Past performance is not indicative of future results. Performance information provided for the Energy MLP Income Fund (EMIF or the “Fund”) assumes the reinvestment of interest, dividends and other earnings and is net of fees. There is no assurance that the Fund’s investment objective will be achieved.

The EMIF portfolio information regarding dividends and portfolio company prices is provided as an example of EIP’s investment philosophy and strategy and not an offer or sale of any security.  Information in this letter regarding specific MLP instruments and other companies, including any information pertaining to the performance of such instruments and other companies, is provided solely as a tool for general industry analysis. Under no circumstances should it be assumed that the Fund or any other account managed by Energy Income Partners, LLC derived any benefit from the performance of any MLP or company referenced herein.


These materials do not constitute an offer of securities. Such an offer will only be made by means of the Confidential Memorandum to be furnished to prospective investors at a later date. This document is confidential and is intended solely for the information of the person to whom it has been delivered. It is not to be reproduced or transmitted, in whole or in part, to third parties, without the prior written consent of the Fund. Notwithstanding anything to the contrary herein or in the Confidential Memorandum, the recipient (and each employee, representative or other agent of such recipient) may disclose to any and all persons, without limitation of any kind, the tax treatment and tax structure of (i) the Fund and (ii) any transactions described herein, and all materials of any kind (including opinions or other tax analyses) that are provided to the recipient relating to such tax treatment and tax structure.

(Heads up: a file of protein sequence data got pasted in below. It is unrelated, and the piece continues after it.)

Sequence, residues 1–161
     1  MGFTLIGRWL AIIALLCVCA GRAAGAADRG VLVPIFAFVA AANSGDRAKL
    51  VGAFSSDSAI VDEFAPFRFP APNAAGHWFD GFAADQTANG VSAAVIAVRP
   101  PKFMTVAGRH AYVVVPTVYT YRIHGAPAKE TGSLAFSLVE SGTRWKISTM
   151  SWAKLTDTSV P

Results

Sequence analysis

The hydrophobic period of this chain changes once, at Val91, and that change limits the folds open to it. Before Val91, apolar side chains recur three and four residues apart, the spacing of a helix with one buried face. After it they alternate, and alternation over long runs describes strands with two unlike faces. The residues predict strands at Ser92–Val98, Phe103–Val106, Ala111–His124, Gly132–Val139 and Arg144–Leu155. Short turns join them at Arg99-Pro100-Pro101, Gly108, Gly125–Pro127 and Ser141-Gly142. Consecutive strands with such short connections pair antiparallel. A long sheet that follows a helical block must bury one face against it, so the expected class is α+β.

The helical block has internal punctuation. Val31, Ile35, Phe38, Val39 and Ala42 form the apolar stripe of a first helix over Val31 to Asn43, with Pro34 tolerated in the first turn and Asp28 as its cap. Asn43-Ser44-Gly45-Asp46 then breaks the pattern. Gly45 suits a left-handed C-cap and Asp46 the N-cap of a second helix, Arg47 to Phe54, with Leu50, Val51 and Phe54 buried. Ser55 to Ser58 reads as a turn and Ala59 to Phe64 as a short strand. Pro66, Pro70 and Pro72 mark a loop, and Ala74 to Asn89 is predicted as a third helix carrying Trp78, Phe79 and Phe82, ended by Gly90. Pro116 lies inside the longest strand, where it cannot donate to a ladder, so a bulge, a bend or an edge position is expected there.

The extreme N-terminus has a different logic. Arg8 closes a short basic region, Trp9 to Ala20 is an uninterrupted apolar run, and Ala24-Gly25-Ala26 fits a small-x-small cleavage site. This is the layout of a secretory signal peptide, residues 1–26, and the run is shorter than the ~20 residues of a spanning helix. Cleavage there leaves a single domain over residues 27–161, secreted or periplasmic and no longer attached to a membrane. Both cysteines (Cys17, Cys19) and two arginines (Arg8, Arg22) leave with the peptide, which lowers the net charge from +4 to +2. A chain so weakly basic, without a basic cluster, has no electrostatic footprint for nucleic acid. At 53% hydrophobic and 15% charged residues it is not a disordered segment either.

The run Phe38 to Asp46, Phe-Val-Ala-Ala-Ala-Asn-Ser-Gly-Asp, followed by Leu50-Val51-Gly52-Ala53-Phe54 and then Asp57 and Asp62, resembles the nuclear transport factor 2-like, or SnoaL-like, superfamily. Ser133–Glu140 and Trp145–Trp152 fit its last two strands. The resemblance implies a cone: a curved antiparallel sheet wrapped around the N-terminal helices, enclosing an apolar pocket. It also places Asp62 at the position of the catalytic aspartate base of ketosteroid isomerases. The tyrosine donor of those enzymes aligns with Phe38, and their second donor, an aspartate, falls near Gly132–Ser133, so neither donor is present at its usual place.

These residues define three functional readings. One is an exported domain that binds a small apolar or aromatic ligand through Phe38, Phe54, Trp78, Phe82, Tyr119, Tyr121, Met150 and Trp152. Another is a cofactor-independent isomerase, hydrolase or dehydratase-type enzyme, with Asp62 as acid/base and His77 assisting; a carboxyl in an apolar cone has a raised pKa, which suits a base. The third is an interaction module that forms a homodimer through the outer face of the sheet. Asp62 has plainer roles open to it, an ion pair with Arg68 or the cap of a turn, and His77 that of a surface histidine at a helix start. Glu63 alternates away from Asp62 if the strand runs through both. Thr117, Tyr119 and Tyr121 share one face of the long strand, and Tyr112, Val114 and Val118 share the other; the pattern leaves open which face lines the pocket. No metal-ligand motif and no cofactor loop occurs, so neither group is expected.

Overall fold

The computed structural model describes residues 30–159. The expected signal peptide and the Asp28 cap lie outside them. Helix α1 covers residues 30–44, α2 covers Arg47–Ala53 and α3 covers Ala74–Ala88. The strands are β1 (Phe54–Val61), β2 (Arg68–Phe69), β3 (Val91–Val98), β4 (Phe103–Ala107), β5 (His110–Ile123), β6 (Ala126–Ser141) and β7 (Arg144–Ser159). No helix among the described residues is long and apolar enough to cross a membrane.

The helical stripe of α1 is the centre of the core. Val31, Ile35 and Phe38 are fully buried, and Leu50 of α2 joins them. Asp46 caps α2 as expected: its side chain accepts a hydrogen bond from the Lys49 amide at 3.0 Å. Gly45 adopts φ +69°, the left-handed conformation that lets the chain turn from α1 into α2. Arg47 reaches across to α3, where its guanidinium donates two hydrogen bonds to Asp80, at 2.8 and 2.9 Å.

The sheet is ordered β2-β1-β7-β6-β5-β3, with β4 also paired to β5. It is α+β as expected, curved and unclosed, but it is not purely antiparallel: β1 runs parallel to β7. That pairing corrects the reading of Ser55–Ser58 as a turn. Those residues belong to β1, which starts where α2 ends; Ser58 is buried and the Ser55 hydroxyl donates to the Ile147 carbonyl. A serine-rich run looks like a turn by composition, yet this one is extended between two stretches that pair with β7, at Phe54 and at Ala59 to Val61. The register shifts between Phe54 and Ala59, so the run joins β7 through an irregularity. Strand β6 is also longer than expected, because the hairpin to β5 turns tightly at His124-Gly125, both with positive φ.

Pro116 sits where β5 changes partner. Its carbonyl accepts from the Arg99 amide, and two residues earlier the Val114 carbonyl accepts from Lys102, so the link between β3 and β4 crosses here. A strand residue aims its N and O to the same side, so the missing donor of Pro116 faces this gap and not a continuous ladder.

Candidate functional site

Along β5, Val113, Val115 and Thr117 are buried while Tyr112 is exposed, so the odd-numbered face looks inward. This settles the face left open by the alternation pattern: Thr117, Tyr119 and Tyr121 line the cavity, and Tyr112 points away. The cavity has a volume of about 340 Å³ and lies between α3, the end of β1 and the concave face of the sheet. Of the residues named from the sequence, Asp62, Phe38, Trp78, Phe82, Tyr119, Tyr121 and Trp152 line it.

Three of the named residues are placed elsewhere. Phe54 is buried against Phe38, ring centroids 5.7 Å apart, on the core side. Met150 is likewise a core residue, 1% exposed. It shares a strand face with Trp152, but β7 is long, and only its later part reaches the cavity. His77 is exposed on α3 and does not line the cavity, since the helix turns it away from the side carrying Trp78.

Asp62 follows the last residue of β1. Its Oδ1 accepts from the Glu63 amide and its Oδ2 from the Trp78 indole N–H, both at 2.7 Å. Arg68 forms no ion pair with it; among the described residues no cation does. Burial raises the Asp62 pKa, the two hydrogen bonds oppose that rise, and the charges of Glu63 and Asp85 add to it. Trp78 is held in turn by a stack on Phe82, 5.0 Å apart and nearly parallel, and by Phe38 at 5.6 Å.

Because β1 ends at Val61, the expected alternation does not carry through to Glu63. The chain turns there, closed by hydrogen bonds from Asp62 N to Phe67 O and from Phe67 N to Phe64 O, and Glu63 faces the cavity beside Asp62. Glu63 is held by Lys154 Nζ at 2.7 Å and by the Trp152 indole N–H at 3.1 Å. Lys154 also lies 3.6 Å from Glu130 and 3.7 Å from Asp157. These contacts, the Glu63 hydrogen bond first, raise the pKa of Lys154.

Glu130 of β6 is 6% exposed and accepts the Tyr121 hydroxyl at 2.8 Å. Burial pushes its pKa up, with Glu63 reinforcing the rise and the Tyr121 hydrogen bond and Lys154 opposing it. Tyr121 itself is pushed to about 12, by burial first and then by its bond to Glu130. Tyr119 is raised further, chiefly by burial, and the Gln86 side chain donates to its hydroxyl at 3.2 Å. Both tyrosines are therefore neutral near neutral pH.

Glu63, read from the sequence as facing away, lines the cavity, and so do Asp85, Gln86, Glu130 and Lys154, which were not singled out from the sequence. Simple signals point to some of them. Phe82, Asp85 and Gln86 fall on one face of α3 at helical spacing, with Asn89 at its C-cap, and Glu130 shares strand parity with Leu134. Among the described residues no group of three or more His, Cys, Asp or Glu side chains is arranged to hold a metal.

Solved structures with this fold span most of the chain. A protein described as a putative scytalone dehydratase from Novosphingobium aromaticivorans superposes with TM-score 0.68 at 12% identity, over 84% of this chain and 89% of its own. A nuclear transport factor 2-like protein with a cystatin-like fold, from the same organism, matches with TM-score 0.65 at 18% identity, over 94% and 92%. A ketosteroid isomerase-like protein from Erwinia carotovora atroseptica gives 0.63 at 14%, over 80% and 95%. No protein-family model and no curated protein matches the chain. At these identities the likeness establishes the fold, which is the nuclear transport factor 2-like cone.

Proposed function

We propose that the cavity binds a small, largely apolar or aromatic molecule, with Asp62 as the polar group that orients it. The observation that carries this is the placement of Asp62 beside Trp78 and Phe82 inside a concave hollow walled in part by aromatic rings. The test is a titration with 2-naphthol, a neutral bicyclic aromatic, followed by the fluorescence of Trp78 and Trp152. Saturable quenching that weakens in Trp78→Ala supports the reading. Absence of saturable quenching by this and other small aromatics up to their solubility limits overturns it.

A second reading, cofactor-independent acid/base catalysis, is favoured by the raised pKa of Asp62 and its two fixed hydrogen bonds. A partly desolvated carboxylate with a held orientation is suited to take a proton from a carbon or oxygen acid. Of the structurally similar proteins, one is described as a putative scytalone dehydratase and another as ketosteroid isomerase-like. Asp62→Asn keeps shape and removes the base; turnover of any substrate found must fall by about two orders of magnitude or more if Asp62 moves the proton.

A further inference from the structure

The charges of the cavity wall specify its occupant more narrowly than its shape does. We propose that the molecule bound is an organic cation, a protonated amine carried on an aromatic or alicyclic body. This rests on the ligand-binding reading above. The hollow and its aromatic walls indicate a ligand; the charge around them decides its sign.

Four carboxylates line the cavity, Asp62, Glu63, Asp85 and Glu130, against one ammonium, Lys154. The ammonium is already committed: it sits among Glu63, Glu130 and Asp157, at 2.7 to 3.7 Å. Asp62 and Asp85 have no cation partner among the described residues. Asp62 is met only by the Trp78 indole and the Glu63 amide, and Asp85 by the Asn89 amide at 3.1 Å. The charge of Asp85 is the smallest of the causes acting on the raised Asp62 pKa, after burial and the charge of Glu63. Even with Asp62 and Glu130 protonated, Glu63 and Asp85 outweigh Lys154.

A description of the Alerian MLP Total Return Index may be found at The index performance is provided for information purposes only.

The Wells Fargo Midstream MLP Total Return Index consists of 35 energy MLPs and represents the Midstream sub-sector of the Wells Fargo MLP Composite Index. The index is calculated by S&P using a float-adjusted market capitalization methodology.

The indices have not been selected to represent an appropriate benchmark with which to compare an investor’s performance, but rather are disclosed to allow for comparison of the investor’s performance to that of certain well-known and widely recognized indices. An index is unmanaged, does not incure fees or expenses and an investment cannot be made directly in an Index.